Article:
• Jiji, Kyodo

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Former Liberal Democratic Party Secretary-General Shigeru Ishiba, a potential successor to Prime Minister Shinzo Abe, has been trying hard to strengthen his ties with members of factions other than his own.

He is drumming up support from parliamentary members of the party after only less than 20 percent of such members voted for him in the previous LDP presidential election, in September 2018.

Ishiba has also resumed trips outside Tokyo to secure support from LDP regional chapters in the next leadership race, as travel restrictions in place over the novel coronavirus have been eased. In the previous race, in which he battled Abe one-on-one, 45 percent of all ballots in his favor were from regional members.

“The Liberal Democratic Party is supported by its members,” Ishiba said in a TV program Tuesday. “It’s about how much you can resonate with party members.”

On Aug. 7 this year, Ishiba visited the grave of the late Hiromi Yoshida, former secretary-general for the LDP’s lawmakers in the House of Councillors, in Tokyo.

Yoshida, who died in October, led the Takeshita faction for members of the Upper House. The faction supported Ishiba in the previous LDP poll though he looked almost certain to lose.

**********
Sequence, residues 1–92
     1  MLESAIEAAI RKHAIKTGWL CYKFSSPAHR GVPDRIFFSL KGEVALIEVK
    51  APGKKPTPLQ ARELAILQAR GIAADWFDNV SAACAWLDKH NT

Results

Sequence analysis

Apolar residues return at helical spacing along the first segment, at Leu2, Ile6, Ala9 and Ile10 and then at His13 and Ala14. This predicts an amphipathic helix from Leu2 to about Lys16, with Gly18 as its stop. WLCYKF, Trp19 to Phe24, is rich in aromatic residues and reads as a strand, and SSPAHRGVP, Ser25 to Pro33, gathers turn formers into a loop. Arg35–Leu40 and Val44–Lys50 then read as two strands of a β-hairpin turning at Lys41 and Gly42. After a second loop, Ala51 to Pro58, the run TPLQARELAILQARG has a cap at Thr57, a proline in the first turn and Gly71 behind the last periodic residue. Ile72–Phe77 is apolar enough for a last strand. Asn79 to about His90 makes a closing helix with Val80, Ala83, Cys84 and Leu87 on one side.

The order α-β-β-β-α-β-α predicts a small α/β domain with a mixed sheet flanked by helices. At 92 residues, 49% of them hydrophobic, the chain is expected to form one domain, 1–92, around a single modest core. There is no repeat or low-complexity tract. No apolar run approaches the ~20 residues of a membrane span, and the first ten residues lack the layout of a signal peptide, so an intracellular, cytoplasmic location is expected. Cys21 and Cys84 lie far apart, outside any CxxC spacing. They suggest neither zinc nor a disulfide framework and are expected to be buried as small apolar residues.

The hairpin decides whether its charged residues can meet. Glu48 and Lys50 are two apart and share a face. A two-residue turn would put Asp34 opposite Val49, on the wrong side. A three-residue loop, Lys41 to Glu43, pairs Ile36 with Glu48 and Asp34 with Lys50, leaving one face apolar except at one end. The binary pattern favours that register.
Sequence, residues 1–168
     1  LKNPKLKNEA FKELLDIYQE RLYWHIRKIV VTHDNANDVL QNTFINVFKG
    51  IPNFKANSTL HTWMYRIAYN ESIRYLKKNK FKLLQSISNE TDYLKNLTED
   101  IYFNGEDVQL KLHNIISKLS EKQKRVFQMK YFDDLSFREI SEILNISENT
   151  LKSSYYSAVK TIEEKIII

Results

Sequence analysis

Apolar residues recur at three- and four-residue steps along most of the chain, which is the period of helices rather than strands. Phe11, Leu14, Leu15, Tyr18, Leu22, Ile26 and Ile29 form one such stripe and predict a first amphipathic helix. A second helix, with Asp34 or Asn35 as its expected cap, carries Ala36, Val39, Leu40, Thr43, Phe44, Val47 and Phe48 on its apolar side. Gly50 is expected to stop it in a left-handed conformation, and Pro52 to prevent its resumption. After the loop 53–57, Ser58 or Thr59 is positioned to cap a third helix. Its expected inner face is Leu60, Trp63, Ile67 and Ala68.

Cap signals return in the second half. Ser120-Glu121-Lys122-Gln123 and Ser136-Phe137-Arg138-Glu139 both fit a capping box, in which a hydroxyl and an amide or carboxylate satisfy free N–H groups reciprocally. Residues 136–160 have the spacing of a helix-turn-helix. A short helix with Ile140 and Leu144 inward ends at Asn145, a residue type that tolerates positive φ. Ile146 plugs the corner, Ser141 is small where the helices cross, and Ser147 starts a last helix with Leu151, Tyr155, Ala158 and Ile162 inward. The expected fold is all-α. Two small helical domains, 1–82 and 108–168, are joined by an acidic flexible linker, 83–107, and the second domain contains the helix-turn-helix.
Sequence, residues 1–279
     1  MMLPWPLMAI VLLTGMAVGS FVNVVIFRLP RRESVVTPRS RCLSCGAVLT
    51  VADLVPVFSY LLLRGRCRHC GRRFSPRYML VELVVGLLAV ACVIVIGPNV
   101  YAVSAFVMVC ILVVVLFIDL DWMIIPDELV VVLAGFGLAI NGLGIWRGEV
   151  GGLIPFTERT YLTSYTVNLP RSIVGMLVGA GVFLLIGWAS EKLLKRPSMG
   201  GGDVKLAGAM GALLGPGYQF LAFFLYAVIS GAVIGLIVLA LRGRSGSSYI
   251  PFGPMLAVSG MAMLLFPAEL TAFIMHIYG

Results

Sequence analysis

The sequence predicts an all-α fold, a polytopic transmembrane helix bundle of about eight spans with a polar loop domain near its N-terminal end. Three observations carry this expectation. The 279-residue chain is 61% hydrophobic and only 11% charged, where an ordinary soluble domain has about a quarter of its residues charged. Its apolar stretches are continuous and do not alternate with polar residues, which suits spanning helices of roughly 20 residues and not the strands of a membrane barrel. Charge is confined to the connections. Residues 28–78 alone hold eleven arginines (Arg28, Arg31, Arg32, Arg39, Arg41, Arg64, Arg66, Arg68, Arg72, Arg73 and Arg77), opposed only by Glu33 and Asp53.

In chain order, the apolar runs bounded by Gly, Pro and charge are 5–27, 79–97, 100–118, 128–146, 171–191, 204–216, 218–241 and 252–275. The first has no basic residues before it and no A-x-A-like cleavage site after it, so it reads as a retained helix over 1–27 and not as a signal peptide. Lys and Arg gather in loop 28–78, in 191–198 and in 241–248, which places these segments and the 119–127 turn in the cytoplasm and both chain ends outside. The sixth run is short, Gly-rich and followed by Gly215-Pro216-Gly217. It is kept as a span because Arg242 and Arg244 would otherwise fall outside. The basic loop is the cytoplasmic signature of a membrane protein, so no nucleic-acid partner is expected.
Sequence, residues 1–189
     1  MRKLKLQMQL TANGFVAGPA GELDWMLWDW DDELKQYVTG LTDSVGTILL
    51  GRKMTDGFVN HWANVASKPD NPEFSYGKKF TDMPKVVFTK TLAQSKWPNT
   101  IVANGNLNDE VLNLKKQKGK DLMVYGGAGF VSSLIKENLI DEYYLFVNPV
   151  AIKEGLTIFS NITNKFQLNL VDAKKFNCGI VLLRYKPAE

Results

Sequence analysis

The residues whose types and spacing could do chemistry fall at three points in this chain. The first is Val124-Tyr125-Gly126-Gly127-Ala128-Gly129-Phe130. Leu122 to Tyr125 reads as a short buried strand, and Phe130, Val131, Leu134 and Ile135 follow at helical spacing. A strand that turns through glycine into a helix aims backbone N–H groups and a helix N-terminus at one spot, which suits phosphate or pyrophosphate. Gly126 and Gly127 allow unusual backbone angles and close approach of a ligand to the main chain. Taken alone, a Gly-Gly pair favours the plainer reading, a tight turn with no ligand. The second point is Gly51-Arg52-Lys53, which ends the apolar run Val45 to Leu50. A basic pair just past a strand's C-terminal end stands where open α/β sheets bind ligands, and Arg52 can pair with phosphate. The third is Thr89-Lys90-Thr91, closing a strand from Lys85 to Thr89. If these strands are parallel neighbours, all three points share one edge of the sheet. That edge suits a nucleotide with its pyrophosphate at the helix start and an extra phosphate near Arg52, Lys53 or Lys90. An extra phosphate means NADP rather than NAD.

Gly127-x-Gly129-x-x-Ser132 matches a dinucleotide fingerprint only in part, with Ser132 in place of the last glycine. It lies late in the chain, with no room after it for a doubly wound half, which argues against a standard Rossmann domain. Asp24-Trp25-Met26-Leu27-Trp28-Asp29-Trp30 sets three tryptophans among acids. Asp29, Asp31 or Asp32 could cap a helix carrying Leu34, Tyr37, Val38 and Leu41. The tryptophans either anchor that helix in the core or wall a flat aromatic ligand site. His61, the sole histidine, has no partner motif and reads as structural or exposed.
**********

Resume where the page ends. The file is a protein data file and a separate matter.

“The true value of Yoshida was that he did not think about his position or post at all,” Ishiba told reporters after the visit. “That’s how the LDP should be.”

Ishiba is pinning his hopes on support from the faction in the next poll. But he was snubbed when he asked the faction to send member lawmakers to accompany him in a memorial gathering for Yoshida in Nagano Prefecture.

Shigeru Ishiba speaks on Aug. 8 in the village of Takagi, Nagano Prefecture, at a memorial gathering for Liberal Democratic Party executive Hiromi Yoshida, who died last October. | KYODO
Shigeru Ishiba speaks on Aug. 8 in the village of Takagi, Nagano Prefecture, at a memorial gathering for Liberal Democratic Party executive Hiromi Yoshida, who died last October. | KYODO

That illustrates the difficulty Ishiba faces in securing broad-based support from other LDP lawmakers. In media public opinion polls, Ishiba is often chosen as the most suitable person to become the next prime minister, but Abe’s administration regards him as a political foe.

Ishiba is also seeking assistance from Secretary-General Toshihiro Nikai, who has agreed to give a lecture at an event to be held by Ishiba’s faction next month.

Ishiba praises Nikai, saying that the heavyweight has “strong affection for hometowns and regions.” Nikai has said he is willing to give a lecture no matter who asks him to do so.

A senior member of Ishiba’s faction said, “A person who can be the face of national elections will win the next LDP leadership race.”

Expectations for Ishiba are expected to grow as the October 2021 expiration of the terms of House of Representatives members nears, unless the Lower House is dissolved for a snap election this year, the member also said.

In a lecture in Osaka on July 27, Ishiba stressed the importance of regional revitalization. He is making the rounds of major districts, from Sapporo to Fukuoka.

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